The father of Rachel Scott, the first student killed during the Columbine shooting back in 1999, arrived in Albany on Thursday to present a challenge and make a difference.
Darrell Scott motivated the crowd by stating, "You can start a chain reaction," and that's what local teachers say they are prepared to do. After hearing the life and death story of the Columbine shooting victim, they said it's time for a change.
"There are so many things that we will be able to go back to our school and do and implement this year as far as it relates to giving students support," said Sylvester Road Elementary Assistant Principal Patricia Greene.
Before the school doors open in August, teachers and staff for the Dougherty County School System said they want to make sure they're on one accord. They said by doing this they'll be better able to help the students.
"The main thing is really redefining the culture," said Dougherty County Teacher of the Year Christopher Jones.
Jones, a teacher at Northside Elementary School, said during the meeting he absorbed as much as he could. He said by coming together, the teachers have a greater chance of making a difference.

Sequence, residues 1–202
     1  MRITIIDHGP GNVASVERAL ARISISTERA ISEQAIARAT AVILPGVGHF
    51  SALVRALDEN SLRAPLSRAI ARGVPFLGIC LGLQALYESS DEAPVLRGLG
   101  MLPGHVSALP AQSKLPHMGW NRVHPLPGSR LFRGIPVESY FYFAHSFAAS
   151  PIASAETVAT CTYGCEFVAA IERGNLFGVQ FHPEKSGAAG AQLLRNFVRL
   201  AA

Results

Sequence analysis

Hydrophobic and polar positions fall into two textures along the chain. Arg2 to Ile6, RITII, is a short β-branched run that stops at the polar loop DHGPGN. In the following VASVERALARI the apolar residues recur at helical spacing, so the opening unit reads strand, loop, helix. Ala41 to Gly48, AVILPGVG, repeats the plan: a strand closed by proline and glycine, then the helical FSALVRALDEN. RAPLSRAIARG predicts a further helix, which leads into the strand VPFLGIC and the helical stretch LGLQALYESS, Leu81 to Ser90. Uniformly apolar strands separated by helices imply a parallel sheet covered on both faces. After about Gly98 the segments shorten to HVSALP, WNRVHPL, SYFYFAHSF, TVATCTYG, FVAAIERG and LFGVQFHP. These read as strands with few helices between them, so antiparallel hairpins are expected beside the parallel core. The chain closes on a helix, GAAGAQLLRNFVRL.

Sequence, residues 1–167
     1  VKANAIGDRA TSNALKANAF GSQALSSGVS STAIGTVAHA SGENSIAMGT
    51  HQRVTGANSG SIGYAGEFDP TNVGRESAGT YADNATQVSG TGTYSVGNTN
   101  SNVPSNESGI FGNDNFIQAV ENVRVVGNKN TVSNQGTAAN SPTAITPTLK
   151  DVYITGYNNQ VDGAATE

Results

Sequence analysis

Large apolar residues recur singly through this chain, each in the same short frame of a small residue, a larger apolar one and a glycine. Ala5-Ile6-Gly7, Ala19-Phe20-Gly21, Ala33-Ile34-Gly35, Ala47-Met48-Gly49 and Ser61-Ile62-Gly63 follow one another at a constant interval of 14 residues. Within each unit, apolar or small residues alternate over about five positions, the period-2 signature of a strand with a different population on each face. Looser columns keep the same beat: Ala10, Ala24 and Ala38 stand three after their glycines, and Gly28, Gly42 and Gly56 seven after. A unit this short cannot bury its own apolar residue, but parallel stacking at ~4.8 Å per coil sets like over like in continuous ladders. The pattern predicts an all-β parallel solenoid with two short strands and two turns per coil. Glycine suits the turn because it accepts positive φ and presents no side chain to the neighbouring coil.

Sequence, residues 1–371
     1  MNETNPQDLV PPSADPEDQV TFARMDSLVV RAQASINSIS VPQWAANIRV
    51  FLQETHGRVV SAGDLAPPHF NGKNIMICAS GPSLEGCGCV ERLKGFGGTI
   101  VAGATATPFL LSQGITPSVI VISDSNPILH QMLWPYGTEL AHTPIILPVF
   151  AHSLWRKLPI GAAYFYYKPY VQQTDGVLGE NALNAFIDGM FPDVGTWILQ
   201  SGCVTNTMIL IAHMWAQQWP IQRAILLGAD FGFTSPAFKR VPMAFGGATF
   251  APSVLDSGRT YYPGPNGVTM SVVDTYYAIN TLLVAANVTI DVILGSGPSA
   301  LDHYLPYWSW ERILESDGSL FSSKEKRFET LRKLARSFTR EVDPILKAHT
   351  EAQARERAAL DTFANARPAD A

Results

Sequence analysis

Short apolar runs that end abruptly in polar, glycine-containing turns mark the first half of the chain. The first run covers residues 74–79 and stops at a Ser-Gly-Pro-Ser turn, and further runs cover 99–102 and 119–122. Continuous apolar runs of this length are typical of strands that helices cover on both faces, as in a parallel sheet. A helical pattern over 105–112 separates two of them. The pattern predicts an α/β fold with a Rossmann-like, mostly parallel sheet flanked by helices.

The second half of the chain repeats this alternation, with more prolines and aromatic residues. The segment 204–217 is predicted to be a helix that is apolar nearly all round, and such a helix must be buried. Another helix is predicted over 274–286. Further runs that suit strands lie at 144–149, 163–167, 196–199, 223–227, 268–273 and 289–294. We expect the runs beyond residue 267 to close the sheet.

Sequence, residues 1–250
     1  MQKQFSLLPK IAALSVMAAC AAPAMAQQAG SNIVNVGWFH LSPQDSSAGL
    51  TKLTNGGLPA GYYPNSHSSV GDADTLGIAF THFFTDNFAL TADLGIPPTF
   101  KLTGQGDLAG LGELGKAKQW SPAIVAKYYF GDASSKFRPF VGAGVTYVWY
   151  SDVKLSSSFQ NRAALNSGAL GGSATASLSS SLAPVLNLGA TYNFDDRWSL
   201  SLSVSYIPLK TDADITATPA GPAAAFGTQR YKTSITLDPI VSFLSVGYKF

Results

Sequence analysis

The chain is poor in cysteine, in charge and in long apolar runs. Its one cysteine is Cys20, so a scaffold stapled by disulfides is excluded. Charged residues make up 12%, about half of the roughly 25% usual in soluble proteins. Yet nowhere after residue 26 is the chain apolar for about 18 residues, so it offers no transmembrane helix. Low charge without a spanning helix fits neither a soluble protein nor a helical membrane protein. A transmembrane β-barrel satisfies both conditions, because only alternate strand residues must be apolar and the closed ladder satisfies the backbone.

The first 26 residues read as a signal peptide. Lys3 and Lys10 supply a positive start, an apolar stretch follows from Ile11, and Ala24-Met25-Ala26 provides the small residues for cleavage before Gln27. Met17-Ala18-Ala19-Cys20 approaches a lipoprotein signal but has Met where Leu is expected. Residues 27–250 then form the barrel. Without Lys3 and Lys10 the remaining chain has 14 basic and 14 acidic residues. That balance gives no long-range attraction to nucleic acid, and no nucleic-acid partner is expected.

"In order to provide and bring some things back home to the students, we as teachers must be receptive of the material and make sure that we can actually incorporate into our school's culture," said Christopher Jones.
Darrell Scott said the challenge not only reaches out to schools but the community as a whole. He says the program is a proven success.
"We've seen over 450 suicides prevented over the last 24 month and these are from students who email us and tell us that they were planning to take their lives when our program came to their school," said Rachel's Challenge Creator Darrel Scott.
Scott said the program is based on his daughter's story, a true story and he's a firm believer that like movies, stories change lives.